A botched invasion of the TV schedule

A BBC drama about bullying in the army was wimpy, but thankfully it wasn’t stopped by protesting military men.

David Bowden

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‘A science-fiction, homoerotic snuff movie.’ Reader, hearing those words I marked the date for the screening in my diary. ‘It must be the oddest hour of awful TV I have ever sat through.’ I installed a lock on my bedroom door, then unlocked it, to add that extra frisson of danger. ‘Decent people in this country are properly appalled.’ I turned the lights down low, put some soft jazz on and waited: pen in hand, snug as a gun.

Both Colonel Tim Collins – famous for his rousing speech to his regiment on the eve of invading Iraq in 2003 when he said that men who have taken life needlessly in conflicts ‘live with the mark of Cain upon them’ – and General Sir Richard Dannatt were up in arms this week about the BBC One drama The Accused. It depicted bullying amongst front-line British troops serving in Afghanistan. Collins, having been asked to review the programme for the Radio Times, did what every retired British Army colonel is required to do by custom: he wrote a letter of outrage to the Daily Mail, demanding that they ban this filth.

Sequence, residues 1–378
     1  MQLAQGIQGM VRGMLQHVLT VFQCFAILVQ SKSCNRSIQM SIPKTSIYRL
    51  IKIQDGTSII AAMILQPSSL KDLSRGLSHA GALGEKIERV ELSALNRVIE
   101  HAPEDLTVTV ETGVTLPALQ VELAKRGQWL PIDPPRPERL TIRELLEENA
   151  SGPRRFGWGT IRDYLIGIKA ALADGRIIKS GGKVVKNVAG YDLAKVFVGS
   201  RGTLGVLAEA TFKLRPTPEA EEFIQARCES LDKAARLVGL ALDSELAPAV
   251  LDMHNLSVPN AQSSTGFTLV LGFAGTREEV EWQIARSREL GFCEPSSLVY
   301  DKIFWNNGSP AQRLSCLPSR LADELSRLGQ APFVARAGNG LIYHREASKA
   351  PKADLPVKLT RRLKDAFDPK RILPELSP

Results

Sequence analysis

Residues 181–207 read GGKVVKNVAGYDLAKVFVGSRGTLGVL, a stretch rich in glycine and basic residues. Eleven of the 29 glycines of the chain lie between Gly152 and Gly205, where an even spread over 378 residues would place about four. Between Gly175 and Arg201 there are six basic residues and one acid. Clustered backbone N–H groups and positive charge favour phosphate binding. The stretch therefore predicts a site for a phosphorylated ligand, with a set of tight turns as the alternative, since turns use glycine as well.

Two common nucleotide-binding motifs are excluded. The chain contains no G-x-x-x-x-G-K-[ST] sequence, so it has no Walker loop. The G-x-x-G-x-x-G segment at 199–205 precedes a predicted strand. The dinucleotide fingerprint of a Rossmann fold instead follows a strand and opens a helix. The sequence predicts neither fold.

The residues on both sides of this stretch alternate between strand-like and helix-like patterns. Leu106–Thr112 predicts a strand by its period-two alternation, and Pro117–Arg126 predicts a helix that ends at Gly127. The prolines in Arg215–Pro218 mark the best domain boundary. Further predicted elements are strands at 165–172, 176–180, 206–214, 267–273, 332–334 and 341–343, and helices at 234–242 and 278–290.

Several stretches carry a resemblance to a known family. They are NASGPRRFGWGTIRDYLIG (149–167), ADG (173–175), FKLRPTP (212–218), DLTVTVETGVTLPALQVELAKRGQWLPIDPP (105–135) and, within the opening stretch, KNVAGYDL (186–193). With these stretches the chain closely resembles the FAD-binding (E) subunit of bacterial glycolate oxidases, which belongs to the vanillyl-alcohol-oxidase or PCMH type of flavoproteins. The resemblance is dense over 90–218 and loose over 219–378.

Well, you can stick your mark of Cain up your arse, Colonel Tim Collins.

That the six-part court-room drama The Accused was penned by Jimmy McGovern, the Gritty Left-Wing Dramatist™ behind Cracker and Sunday (about Bloody Sunday), particularly incensed Collins. This was ‘a desperate plea to be seen as shocking and cutting edge’ which ‘fails the soldiers on the front-line’ by depicting a military barracks ‘that has more in common with Second World War Japan than modern-day Afghanistan’, he wrote.

The Accused focuses on new characters every episode and explains the circumstances that lead to them appearing in the dock. The episode about the British soldiers centred on two young Northern working-class lads who, after a scrap in a pub involving soiled underwear, joined the Army to get out of jail. They were duly packed off to Afghanistan. There, one of them fell foul of bullying Corporal Buckley, who declared him the camp ‘bitch’.